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HIV Vaccine: How Close Are We?

November 2001

A note from TheBody.com: Since this article was written, the HIV pandemic has changed, as has our understanding of HIV/AIDS and its treatment. As a result, parts of this article may be outdated. Please keep this in mind, and be sure to visit other parts of our site for more recent information!

Since the discovery of HIV in 1983, there have been tremendous gains in AIDS medicine. One of the major advances has been the development of highly active antiretroviral therapy, or HAART -- a drug regimen that often consists of at least one protease inhibitor and two nucleoside analogs. Unfortunately, HAART is not available to everyone who needs it and it does not cure HIV infection (though often it can prevent mother-to-child transmission). Many experts agree that only an HIV vaccine could potentially bring the global HIV/AIDS epidemic under control. Yet a safe and effective HIV vaccine has remained an elusive goal despite many years of research.


Test tubes


The Scientific Challenges

A vaccine is a ready-made medicine that stimulates an immune response to protect a person from illness. Vaccines may be made of inactivated organisms, weakened organisms, or artificially manufactured fragments of an organism. A preventive (prophylactic) vaccine is intended to prevent initial infection. A therapeutic (treatment) vaccine is given after infection and is intended to reduce or arrest disease progression.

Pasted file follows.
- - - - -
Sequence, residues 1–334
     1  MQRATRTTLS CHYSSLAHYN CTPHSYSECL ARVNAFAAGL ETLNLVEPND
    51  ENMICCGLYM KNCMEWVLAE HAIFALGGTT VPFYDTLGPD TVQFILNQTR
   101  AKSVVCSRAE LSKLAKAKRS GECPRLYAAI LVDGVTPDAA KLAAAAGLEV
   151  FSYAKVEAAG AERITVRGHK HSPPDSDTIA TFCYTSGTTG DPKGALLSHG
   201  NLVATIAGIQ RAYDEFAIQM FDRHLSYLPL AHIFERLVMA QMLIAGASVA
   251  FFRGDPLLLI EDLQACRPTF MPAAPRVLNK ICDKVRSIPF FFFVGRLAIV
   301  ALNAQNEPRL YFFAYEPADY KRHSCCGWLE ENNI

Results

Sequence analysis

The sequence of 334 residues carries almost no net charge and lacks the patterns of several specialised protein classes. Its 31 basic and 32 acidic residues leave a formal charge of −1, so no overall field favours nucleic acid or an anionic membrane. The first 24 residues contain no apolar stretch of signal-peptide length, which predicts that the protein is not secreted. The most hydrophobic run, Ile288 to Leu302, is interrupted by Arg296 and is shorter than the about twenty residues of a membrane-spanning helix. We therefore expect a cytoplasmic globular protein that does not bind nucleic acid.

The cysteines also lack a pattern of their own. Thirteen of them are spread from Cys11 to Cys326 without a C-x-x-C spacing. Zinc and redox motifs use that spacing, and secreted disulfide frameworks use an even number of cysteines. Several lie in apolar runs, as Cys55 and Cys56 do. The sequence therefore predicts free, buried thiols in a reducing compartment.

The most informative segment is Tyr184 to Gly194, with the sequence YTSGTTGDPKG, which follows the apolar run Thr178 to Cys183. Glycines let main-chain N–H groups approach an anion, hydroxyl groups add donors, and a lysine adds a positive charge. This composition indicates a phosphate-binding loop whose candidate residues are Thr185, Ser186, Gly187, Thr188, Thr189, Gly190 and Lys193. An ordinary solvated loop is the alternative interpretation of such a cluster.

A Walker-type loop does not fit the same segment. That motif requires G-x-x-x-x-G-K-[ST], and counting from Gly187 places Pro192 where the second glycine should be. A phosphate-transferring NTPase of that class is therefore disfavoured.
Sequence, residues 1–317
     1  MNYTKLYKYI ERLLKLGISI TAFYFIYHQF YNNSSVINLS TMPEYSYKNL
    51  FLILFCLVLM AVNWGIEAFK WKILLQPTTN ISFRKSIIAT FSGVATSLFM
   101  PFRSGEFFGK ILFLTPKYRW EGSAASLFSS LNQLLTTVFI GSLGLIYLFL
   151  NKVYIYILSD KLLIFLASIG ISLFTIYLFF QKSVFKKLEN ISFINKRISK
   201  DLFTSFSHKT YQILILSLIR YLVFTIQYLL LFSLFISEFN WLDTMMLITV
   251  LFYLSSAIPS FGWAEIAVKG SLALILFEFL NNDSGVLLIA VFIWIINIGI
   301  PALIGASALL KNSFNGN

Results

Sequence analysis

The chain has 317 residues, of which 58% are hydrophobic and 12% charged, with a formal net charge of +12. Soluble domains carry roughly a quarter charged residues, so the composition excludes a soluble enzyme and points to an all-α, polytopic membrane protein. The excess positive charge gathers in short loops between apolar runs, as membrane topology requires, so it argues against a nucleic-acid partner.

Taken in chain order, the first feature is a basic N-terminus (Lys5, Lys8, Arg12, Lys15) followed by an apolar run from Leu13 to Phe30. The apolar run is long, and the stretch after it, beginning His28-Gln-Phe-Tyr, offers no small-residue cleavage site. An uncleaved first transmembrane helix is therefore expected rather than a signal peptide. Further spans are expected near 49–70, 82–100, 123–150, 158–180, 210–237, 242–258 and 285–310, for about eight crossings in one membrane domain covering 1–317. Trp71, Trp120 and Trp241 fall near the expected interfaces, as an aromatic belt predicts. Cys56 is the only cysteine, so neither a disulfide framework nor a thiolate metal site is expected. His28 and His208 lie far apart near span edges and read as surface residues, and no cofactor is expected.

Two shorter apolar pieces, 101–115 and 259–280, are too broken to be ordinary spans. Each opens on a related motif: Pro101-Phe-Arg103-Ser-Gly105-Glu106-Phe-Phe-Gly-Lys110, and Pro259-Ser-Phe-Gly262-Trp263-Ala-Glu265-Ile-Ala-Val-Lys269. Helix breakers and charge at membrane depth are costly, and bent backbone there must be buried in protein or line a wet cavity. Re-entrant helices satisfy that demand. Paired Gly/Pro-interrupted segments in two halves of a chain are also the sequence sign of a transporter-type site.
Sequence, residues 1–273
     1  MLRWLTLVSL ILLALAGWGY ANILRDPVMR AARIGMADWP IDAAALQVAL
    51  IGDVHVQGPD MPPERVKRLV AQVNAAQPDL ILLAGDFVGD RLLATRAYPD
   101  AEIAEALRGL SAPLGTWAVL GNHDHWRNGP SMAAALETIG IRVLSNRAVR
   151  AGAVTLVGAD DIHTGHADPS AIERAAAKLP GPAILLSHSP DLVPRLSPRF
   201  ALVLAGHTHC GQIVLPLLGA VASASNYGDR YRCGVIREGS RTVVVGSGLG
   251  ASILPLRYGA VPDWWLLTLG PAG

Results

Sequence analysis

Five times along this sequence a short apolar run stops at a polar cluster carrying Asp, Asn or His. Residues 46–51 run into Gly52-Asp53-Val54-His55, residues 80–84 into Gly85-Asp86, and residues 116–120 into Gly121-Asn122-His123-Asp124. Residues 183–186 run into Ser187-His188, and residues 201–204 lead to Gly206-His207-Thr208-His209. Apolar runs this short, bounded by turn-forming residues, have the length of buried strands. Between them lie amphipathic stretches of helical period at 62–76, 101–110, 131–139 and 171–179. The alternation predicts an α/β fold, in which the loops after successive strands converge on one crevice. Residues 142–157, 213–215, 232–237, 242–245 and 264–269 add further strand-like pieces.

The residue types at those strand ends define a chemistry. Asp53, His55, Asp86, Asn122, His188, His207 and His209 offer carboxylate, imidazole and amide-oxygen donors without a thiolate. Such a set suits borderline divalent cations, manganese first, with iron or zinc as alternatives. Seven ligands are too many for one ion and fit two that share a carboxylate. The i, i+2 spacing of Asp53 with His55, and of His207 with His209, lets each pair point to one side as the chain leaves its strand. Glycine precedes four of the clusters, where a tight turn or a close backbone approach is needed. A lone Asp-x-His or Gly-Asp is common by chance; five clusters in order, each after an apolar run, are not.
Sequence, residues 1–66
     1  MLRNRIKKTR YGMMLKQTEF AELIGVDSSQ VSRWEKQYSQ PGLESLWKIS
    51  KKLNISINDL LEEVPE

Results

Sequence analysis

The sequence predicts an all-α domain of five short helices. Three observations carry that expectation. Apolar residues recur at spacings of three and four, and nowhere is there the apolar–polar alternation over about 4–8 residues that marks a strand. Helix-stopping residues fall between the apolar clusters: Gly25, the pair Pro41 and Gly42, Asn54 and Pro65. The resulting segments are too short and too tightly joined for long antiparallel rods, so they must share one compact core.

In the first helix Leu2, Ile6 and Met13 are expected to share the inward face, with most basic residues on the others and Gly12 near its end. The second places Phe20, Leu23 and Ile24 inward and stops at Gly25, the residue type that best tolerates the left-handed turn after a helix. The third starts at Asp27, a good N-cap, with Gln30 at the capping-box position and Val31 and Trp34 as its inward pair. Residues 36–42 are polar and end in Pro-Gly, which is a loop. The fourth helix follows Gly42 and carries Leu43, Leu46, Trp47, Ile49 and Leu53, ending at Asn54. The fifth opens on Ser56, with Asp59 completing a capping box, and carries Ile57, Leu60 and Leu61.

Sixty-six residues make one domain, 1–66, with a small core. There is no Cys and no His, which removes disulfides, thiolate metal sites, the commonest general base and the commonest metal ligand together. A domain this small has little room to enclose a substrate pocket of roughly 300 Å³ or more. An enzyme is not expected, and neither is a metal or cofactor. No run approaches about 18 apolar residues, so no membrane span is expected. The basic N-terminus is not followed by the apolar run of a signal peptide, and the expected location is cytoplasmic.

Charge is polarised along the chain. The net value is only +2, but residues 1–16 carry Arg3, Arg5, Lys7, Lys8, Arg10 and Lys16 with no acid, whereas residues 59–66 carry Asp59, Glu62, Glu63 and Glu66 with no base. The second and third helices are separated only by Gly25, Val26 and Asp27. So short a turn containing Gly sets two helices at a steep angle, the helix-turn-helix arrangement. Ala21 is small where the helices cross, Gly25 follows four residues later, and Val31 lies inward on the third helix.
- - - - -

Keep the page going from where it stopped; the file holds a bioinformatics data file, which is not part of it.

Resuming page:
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In the wake of reports about increases in HIV infections among gay men in San Francisco and the growing crisis in sub-Saharan Africa and other regions, an HIV vaccine has some advantages over current HIV prevention strategies. It could potentially protect those living in regions where there is little or no access to healthcare or prevention education services, and it would not rely entirely on behavior/lifestyle changes. But this scenario depends on the creation of a vaccine that provides "sterilizing immunity" (complete protection), which means that a person would not become infected even if directly exposed to HIV. However, because of the way HIV attacks the immune system and rapidly mutates (changes form) in the body, a completely protective vaccine is not likely to become a reality any time soon.

Take for example, VaxGen's AIDSVax, a preventive vaccine, and the only vaccine to reach Phase III clinical trials (designed to test its effects on humans). AIDSVax contains a synthetic protein on HIV's outer layer (gp120) that binds to human cells during infection. The goal is for AIDSVax to train the immune system to recognize gp120, create antibodies to coat gp120, and therefore, prevent HIV from entering the human cell. Yet, this theory is unproven in humans.